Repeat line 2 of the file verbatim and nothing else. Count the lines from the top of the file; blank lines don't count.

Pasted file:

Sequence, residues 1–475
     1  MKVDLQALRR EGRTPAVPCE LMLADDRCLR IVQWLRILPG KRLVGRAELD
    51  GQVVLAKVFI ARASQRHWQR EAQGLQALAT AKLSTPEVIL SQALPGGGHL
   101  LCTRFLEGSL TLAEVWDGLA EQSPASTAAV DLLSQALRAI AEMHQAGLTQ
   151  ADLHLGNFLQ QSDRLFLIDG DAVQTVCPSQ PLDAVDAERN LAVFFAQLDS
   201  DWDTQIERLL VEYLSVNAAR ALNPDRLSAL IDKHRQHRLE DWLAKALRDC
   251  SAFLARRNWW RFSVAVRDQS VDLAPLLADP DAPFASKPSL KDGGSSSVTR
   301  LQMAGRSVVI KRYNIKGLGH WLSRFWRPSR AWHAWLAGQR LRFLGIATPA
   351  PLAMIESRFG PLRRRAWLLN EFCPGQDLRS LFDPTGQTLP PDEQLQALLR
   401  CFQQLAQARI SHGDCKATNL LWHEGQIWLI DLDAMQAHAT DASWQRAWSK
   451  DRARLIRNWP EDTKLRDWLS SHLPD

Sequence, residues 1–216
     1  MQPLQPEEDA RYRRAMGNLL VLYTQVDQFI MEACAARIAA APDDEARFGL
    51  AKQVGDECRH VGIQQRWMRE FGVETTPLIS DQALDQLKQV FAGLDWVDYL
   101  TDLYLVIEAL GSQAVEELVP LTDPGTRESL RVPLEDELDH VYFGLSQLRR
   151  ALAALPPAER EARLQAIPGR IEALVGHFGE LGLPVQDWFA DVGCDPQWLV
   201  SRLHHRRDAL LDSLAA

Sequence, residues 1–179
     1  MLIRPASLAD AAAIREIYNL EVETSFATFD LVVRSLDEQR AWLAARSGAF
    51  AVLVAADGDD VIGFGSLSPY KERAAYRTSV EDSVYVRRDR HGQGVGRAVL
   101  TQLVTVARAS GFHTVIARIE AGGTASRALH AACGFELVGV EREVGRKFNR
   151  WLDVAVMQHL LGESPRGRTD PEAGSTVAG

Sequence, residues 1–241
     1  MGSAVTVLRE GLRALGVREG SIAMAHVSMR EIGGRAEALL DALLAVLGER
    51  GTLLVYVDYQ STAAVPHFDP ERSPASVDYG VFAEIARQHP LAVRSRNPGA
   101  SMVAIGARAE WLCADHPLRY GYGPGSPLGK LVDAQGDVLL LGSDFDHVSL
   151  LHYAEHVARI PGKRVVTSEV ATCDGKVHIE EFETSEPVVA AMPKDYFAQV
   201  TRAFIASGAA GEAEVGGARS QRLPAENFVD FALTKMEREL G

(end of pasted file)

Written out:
     1  MKVDLQALRR EGRTPAVPCE LMLADDRCLR IVQWLRILPG KRLVGRAELD